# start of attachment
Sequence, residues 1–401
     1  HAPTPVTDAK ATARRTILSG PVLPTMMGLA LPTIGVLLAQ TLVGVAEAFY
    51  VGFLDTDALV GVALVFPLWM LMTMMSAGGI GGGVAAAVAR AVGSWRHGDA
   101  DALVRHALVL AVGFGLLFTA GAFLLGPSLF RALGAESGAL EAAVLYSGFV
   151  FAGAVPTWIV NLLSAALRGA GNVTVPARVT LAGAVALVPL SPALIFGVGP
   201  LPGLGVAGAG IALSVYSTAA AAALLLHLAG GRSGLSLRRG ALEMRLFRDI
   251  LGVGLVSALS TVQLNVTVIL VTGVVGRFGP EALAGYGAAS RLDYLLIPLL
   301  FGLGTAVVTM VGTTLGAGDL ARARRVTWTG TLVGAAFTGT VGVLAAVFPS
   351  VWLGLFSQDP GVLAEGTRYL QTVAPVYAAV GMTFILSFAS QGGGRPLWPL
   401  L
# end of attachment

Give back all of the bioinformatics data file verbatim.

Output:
Sequence, residues 1–401
     1  HAPTPVTDAK ATARRTILSG PVLPTMMGLA LPTIGVLLAQ TLVGVAEAFY
    51  VGFLDTDALV GVALVFPLWM LMTMMSAGGI GGGVAAAVAR AVGSWRHGDA
   101  DALVRHALVL AVGFGLLFTA GAFLLGPSLF RALGAESGAL EAAVLYSGFV
   151  FAGAVPTWIV NLLSAALRGA GNVTVPARVT LAGAVALVPL SPALIFGVGP
   201  LPGLGVAGAG IALSVYSTAA AAALLLHLAG GRSGLSLRRG ALEMRLFRDI
   251  LGVGLVSALS TVQLNVTVIL VTGVVGRFGP EALAGYGAAS RLDYLLIPLL
   301  FGLGTAVVTM VGTTLGAGDL ARARRVTWTG TLVGAAFTGT VGVLAAVFPS
   351  VWLGLFSQDP GVLAEGTRYL QTVAPVYAAV GMTFILSFAS QGGGRPLWPL
   401  L